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Disaster devastation: A look at 2018 and how we need to help
by Amber Savage
Executive Director American Red Cross Utah Chapter
Nov 01, 2018 | 405 views | 0 0 comments | 48 48 recommendations | email to a friend | print

We are tired. As a nation, as a response organization, as volunteers, employees, donors, and especially those impacted – we are exhausted. Mother nature has not let up, and we’re pressing forward with eyes pried open and bodies propped up to continue delivering a mission of relief and hope that burns deeper than the exhaustion ever does.

Consider just how devastating the latter part of 2018 has been:

July – the Dollar Ridge Fire in Utah takes over 70 homes and scorches almost 70,000 acres. Meanwhile, a series of more than 20 tornadoes all touch down on the same day in Iowa, wreaking havoc across three separate communities. Additionally, another year of historic wildfires in California begins, including the Carr Fire, which burned more than 225,000 acres, destroyed over 1,500 structures and killed eight people, including three firefighters.

August – Hurricane Lane pummels Hawaii, dropping more than 50 inches of rain on the Big Island, coming just months after the destructive Kiluea Volcano began its slow eruption process, destroying hundreds of homes. The California wildfires raged on, coming in the form of the Mendocino Complex Fire, burning just under 500,000 acres, destroying 280 structures and resulting in the death of one of Utah’s own beloved firefighters, Battalion Chief Matthew Burchett.

September – Hurricane Florence slammed ashore in North Carolina, dropping more than 35 inches of rain and causing catastrophic flooding that would ultimately claim 53 lives. Throughout the response, Red Cross and other organizations provided 114,700 overnight stays (Red Cross provided 92 percent of those) and served more than 921,000 meals and snacks.

Volunteer health and mental health workers provided some 29,100 contacts to support and care for evacuees, and more than 138,200 relief items were distributed to those in need. Meanwhile, the stunning Pole Creek and Bald Mountain fires in Utah forced the evacuation of 6,000 of our own local friends and neighbors from southern Utah County and would eventually burn more than 120,000 acres.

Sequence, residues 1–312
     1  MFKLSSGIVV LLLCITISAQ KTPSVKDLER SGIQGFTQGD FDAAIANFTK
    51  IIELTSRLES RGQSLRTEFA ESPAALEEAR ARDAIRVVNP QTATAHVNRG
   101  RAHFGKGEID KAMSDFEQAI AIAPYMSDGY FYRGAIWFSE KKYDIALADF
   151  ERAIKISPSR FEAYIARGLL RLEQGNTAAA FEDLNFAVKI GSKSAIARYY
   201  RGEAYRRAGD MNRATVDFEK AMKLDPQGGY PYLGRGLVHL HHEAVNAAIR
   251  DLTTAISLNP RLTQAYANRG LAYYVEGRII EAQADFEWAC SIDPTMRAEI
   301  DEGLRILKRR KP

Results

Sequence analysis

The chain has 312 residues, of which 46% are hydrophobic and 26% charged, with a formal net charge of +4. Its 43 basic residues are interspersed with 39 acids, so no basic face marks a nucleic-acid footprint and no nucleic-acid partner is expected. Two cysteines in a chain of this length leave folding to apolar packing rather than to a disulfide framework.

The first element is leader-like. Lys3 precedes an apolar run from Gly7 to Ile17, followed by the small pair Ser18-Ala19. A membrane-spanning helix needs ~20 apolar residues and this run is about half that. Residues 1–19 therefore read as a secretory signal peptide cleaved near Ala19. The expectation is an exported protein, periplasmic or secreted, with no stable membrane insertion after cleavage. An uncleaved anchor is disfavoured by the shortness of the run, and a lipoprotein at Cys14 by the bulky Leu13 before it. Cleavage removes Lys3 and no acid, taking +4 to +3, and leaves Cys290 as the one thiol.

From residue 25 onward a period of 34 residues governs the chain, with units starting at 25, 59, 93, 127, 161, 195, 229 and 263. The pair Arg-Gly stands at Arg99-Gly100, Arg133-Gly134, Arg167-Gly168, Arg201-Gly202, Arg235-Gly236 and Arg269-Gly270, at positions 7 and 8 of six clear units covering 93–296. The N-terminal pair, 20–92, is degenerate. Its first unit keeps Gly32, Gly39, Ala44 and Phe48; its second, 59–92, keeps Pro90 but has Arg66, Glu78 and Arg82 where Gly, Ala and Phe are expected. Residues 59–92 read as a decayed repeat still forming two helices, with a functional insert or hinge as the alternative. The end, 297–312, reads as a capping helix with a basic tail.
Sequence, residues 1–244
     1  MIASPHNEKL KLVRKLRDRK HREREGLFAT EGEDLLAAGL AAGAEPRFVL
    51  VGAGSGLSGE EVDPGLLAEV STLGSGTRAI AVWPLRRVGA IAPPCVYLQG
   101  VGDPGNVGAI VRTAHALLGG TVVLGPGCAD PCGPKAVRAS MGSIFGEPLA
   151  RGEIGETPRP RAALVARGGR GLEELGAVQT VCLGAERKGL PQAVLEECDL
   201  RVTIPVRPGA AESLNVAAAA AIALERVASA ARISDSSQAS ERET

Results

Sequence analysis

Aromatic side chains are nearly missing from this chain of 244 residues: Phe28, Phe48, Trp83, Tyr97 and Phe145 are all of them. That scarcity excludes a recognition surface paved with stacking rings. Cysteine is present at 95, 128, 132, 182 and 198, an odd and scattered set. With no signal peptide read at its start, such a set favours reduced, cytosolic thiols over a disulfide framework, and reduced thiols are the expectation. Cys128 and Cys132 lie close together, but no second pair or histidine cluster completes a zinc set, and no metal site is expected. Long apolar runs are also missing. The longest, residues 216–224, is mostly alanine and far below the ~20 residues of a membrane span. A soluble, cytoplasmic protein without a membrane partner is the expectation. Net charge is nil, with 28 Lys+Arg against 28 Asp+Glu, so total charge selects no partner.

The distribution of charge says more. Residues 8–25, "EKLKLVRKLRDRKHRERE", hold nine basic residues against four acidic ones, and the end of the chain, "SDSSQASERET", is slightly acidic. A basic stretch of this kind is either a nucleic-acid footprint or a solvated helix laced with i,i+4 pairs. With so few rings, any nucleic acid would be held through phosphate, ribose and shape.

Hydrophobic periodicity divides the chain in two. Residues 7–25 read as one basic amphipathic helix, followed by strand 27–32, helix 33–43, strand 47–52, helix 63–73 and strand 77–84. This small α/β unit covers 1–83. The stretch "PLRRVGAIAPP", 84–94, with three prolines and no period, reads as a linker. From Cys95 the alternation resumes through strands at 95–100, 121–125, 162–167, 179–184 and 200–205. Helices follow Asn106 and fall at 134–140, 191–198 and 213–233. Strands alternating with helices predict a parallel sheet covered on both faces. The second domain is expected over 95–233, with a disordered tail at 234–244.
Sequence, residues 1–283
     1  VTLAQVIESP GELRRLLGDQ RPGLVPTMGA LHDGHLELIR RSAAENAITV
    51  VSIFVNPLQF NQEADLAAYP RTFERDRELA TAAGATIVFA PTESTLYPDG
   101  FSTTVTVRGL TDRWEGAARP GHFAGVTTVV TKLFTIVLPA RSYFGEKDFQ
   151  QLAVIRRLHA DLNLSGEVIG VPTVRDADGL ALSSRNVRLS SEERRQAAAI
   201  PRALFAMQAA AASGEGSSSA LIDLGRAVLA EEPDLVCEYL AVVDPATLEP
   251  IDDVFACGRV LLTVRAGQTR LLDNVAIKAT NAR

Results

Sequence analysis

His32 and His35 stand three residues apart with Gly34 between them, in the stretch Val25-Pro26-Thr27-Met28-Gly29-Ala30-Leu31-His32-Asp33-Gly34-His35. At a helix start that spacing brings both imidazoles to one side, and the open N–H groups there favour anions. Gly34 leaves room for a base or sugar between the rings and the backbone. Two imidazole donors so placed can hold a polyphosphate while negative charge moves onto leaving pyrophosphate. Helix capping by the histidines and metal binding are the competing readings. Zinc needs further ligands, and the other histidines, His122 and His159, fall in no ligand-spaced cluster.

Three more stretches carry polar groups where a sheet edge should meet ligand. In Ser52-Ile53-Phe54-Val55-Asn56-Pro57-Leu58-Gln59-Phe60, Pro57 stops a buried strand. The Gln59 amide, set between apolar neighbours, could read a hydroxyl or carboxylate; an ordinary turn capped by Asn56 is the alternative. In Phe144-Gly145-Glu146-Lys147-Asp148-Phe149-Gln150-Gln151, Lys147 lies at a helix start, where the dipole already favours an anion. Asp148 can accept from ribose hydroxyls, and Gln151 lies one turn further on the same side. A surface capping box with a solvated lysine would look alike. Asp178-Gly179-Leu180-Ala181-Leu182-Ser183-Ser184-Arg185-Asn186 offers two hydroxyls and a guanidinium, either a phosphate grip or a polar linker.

October – Hurricane Michael surprised the nation as it barreled ashore the Florida panhandle, also claiming 54 lives and displacing tens of thousands, many of whom were unable or not choosing to return. As of today, just under 40,000 shelter stays and 990,000 meals and snacks have been provided.

Then there was Hurricane Walaka, which went largely unnoticed but caused the remote East Island to vanish underwater, having serious implications for nesting sea turtles. And in case you didn’t know, hurricane season isn’t over until Nov. 30.

Through it all, the Red Cross has been there every time, along with first responders, community members, and neighbors eager to help. The media has shown parts of these disasters when the news is hot and the visuals are dramatic, but the disaster fatigue is taking its toll on the nation. Many communities and the efforts built to support them are left under-supported, because once the news is out of sight, it’s out of mind.

Right now, our claim is strong and our request is direct – people need help and the Red Cross is committed to providing it. We don’t withhold services from those in need after a disaster, and we do all we can to raise the funds to pay for it, and if we don’t, we go into the red and hope to make it up over years ahead. Right now, we haven’t raised enough to pay for what 2018 has brought us. We work together as a country to support those in need, and even us here in Utah are responsible for helping to fill the need.

Though the final numbers are yet to be calculated, early estimates indicate that our region will need to contribute over $1 million to help cover the costs of response. So from me – the local Red Cross director who has seen the front lines of disaster too many times, having made the financial decisions in the field, and having stood with those people who have lost their homes and/or loved ones – I’m asking for your help. Anything will help – even the $10 donation if that’s what you’re able to give. If you question where your money is going or how we spend it, call our office or email me and I’ll be open and frank with you. I doubt you’ve heard a plea as genuine and open as this, and I’m hoping you follow the nudge to do something about it.

Ours is a responsibility to strengthen the feeble knees and lift the hands that hang down. Carrying out that basic human responsibility will look different for everyone, but that doesn’t change the necessity. Regardless of criticism, the Red Cross has to keep moving forward, and we will.

A nation without the Red Cross looks like a nation with 40 percent less blood supply, no coordinated sheltering efforts, no financial assistance to the tens of thousands of house fires that happen each year, and so much more. We applaud the work of all humanitarian organizations and with them we recognize the need for each of us to continue refining and improving our methods of response. The Red Cross is not perfect – I’ll be the first to admit it. But our mission is perfect – our goal is to alleviate human suffering, and we are committed to doing that as best we can.

At this time, we urge all to consider how they can reach out a little farther and give to those in need. And since the need is great, may we each find the cause, the means, the way, and the willingness to do something about it.

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